The question you have to ask yourself, is exactly what stage are we in and what direction are we headed? Talks of a dystopian future and the ills of Big Brother, which really is nothing new. As everything we can learn about our future is hidden in our past. The trick is recognizing the similarities and how the old ways are not much different than today, but dressed up in a different gown.

I'd like to cover about a dozen other periods in this thread but I'm not sure I will get around to it. Enjoy this if I have made any points.
edit on 1-11-2013 by boncho because: (no reason given)

posted on Nov, 1 2013 @ 02:25 PM
Part of the downfall of Athens was that it was a direct democracy. One man, one vote. In practice it became easy to rule Athens if you could demagogue the mob. Anyone who could sway the simply majority holds the power, simple as that. When such at thing comes to be, the minority is consistently trampled underfoot, and anyone with the means to sway the mob, whether through clever words or simply money, is the de facto ruler.

Rome was designed as a Republic, not a democracy, but in the end, she fell from a Republic to an Imperial dictatorship/oligarchy through the same mechanism - power to sway and demagogue the mob. We've all heard "bread and circuses." And the Imperial Rome eventually decayed through many of the same forces that the original Republic fell.

We were designed as a Constitutional Republic because the Founders studied their history and knew that direct democracies did not work. Notice how hard every push to change our electoral system has been to change it more toward a direct democracy? The Republican system actually works more to protect the electoral minorities by giving them some seat at the table and breaks up the mob. This is why Federal Senators were originally appointed by the state legislators not elected directly by the people, for example.

However, I see us at the cusp of losing our Republic and devolving into an Imperial state if we don't collapse entirely. The populace is complacent and too reliant on bread and circuses. The Republican system that needs an engaged and largely moral (i.e. people of good character and integrity) populace to keep it going is crumbling because those people are few and far in between and swamped by the greedy, the ignorant, the hedonistic and the lazy. Those people neither know nor care about rights, theirs or others, they only care about what they can get the most of for the least effort making them ripe for demagoguery and vote buying.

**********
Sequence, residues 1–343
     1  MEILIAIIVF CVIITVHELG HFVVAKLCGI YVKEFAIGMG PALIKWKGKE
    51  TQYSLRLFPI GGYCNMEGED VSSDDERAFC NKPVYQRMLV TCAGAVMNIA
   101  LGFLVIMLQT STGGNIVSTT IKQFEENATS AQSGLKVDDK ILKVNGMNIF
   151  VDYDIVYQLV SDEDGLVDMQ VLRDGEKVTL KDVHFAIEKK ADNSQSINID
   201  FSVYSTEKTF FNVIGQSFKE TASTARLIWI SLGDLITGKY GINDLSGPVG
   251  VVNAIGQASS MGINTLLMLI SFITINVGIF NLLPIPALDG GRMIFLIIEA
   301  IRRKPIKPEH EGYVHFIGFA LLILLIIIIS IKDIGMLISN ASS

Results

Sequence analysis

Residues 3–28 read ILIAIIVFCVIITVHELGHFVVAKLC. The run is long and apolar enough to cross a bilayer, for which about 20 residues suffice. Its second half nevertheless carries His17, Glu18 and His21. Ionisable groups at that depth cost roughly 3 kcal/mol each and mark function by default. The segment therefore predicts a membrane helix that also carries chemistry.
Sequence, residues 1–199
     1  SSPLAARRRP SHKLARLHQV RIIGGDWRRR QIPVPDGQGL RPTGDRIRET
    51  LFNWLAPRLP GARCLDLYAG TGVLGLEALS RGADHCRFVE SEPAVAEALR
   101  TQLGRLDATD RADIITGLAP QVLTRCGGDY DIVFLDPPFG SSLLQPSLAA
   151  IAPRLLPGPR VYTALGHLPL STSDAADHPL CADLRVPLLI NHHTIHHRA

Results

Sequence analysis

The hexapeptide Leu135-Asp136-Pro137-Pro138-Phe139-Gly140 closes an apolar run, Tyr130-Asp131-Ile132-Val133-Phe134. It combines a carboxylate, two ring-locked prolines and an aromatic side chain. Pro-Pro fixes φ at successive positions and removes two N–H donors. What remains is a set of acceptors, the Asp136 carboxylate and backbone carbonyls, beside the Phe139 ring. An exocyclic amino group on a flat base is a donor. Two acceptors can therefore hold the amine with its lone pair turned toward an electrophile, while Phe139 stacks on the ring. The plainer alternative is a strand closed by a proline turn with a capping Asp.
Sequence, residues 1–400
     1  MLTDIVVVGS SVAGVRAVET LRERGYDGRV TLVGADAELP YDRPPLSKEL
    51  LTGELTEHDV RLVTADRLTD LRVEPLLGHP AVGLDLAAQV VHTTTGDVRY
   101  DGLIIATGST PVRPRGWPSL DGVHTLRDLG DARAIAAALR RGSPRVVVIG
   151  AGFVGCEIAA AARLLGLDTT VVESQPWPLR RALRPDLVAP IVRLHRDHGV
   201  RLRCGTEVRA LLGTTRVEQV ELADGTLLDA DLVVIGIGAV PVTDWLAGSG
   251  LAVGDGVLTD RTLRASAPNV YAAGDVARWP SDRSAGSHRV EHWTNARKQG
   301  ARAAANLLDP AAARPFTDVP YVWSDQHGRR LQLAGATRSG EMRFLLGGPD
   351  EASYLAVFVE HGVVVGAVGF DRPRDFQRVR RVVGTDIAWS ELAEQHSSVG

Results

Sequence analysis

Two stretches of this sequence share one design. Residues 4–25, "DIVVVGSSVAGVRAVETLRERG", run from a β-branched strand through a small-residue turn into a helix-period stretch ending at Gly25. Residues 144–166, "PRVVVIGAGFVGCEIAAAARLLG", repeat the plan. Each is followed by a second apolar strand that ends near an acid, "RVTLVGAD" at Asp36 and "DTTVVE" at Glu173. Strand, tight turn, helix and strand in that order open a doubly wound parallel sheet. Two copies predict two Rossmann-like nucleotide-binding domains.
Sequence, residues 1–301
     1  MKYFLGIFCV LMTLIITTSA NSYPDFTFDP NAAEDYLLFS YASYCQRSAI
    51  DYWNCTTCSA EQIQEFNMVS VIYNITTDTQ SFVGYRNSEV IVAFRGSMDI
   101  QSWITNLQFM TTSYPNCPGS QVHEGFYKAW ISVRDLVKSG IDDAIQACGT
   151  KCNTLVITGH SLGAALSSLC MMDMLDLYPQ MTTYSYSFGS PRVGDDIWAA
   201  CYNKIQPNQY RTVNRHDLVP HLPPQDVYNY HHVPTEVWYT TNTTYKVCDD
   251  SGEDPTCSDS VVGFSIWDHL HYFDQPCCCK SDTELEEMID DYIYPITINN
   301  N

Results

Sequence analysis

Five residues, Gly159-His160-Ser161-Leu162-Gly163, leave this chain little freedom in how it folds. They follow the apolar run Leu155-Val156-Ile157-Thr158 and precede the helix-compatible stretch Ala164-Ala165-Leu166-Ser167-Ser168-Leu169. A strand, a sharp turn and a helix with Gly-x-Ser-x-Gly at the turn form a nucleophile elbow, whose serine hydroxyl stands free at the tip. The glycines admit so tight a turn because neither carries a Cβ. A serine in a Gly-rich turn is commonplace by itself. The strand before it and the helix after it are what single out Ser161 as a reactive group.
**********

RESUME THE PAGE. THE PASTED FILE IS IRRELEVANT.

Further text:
posted on Nov, 1 2013 @ 02:26 PM
Eventually creating democracy and probably the most influential Empire the world has ever seen. There are plenty of threads on the fall of Rome.reply to post by boncho

Okay,I'm confused now. You start off talking about Greece and they're system,then switch to the fall of Rome?? Did I miss something?

posted on Nov, 1 2013 @ 02:31 PM

Eventually creating democracy and probably the most influential Empire the world has ever seen. There are plenty of threads on the fall of Rome.reply to post by boncho

Okay,I'm confused now. You start off talking about Greece and they're system,then switch to the fall of Rome?? Did I miss something?

I was trying to focus on the shift between eras. In one case, you had an oligarchy ruling with arbitrary rules, taking advantage of everything they could, then came a fundamental shift which was great for people for hundreds of years, and slowly it descended into the very thing it was meant to get rid of.

I think the mirrored example is pretty obvious, as did ketsuko, as they actually pointed out a few things better than myself. I wanted to focus more on the transition periods. I also wanted to include a couple Chinese dynasties in this thing, but ran out of willpower…

Past Chinese dynasties are kind of grey area throughout the rise and fall. Similar to the times of Hammurabi. Ancient Greece seems black and white to me, with shorter grey areas right before the major shift in power structures.

I am up for being schooled on my interpretations though.
edit on 1-11-2013 by boncho because: (no reason given)

posted on Nov, 1 2013 @ 11:10 PM
Nice O.P it seems like what ever the society we want to be governed by codes of behavior whether written or passed on by oral tradition and have never been comfortable with an anarchist mode of living.

Take a peek at this tread created about a month or two ago
Kouroukan Fouga The Constitution of Ancient Mali
By me.

This document was as important for that region of Africa as the Magna Carta for Western Europe and from at about the same-time,the Kouroukan Fouga however was formally in oral tradition and then codified in about 1236 the same time of the Magna Carta in 1215, most people would have recognized the Magna Carta as having a great impact on the eventual idea that Man is a free being with formal representation in governing counsel , that idea would take centuries to realize off- course and many found it as a precursor to the US constitution and the parliamentary system in Britain, In the Malian empire a similar document was being put into place.